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Histopathologic and immunophenotypic profile of subglottic hemangioma: multicenter study. Int J Pediatr Otorhinolaryngol 2009 Sep;73(9):1187-91



Pubmed ID




Scopus ID

2-s2.0-67651163418 (requires institutional sign-in at Scopus site)   38 Citations


OBJECTIVE: Subglottic hemangioma (SGH) is a rare tumor of childhood often associated with airway compromise. Recently, the possibility that many SGH may be congenital hemangiomas rather than classical infantile hemangiomas (IH) has been raised, with important diagnostic and therapeutic implications. We present the largest, multi-institutional study, to date, with immunophenotypic characterization of SGH.

METHODS: Biopsy proven SGH samples were retrieved from the archived files of three tertiary referral children's hospitals. Relevant demographic and clinical data corresponding to each of the specimen was collected. Standard hematoxylin and eosin staining (H&E) and glucose transporter protein isoform 1 (GLUT 1) immunohistochemical staining was used to confirm the histological diagnosis and evaluate the immunophenotypic profile of the specimens.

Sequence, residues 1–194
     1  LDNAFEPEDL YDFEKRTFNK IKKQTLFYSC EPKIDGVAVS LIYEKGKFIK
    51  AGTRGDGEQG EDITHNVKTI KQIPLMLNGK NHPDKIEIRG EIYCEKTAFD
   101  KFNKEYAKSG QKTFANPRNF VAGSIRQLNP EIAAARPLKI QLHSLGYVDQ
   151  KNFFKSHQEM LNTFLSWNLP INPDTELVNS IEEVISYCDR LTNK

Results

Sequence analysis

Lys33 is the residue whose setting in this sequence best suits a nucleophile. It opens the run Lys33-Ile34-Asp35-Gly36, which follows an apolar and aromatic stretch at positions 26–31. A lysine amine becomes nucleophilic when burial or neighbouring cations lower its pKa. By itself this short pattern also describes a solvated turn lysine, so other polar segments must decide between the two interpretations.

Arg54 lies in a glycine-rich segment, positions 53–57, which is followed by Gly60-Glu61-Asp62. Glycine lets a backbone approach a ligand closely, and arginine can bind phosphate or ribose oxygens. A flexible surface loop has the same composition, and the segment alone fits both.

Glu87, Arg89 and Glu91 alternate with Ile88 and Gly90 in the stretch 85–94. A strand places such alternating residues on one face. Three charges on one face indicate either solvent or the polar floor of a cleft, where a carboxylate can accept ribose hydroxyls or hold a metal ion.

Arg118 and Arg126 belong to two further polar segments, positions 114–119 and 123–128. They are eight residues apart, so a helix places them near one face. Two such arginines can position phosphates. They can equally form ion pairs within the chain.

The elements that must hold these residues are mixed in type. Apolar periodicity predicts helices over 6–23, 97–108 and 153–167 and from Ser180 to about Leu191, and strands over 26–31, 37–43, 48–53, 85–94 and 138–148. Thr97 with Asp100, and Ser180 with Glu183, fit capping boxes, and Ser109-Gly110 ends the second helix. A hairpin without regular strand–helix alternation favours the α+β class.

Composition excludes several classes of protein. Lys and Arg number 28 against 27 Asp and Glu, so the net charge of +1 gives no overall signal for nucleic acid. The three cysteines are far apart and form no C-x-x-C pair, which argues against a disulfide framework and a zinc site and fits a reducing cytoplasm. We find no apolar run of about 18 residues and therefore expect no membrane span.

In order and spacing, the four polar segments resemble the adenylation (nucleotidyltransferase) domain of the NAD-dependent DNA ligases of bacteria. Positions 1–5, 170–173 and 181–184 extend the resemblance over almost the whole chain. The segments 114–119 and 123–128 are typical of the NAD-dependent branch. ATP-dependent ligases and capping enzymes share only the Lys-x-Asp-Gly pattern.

RESULTS: 19 cases of SGH were reviewed, 18 of these with tissue blocks available for histological and GLUT1 immunohistochemical staining, and the remaining case with GLUT1 immunostaining previously reported. There was a female to male ratio of 3.75:1. Stridor was the presenting feature of all the patients. Concomitant cutaneous lesions were noted in 9 of 19 patients; with three of the PHACES variety. 16/19 specimens were histologically diagnostic of classical IH by H&E staining and also demonstrated strong GLUT 1 positivity; 1/19 was too small for histological diagnosis, but contained GLUT1-positive capillaries; 1/19 was inflamed granulation tissue by histology and was GLUT1-negative; the final 1/19 was inflamed fibrous tissue, negative for GLUT1.

CONCLUSIONS: This multi-institutional pathologic assessment confirms that most subglottic hemangiomas examined were histologically and immunohistochemically confirmed to be IH and similar to IH located in other anatomic locations. GLUT-1 immunohistochemical staining is a valuable tool for confirmatory diagnosis in these patients.

Author List

Badi AN, Kerschner JE, North PE, Drolet BA, Messner A, Perkins JA


Joseph E. Kerschner MD Provost, Executive Vice President, Dean, Professor in the School of Medicine Administration department at Medical College of Wisconsin
Paula E. North MD, PhD Professor in the Pathology department at Medical College of Wisconsin

MESH terms used to index this publication - Major topics in bold

Biomarkers, Tumor
Glucose Transporter Type 1
Hospitals, Pediatric
Hospitals, Teaching
Infant, Newborn
Laryngeal Neoplasms
Retrospective Studies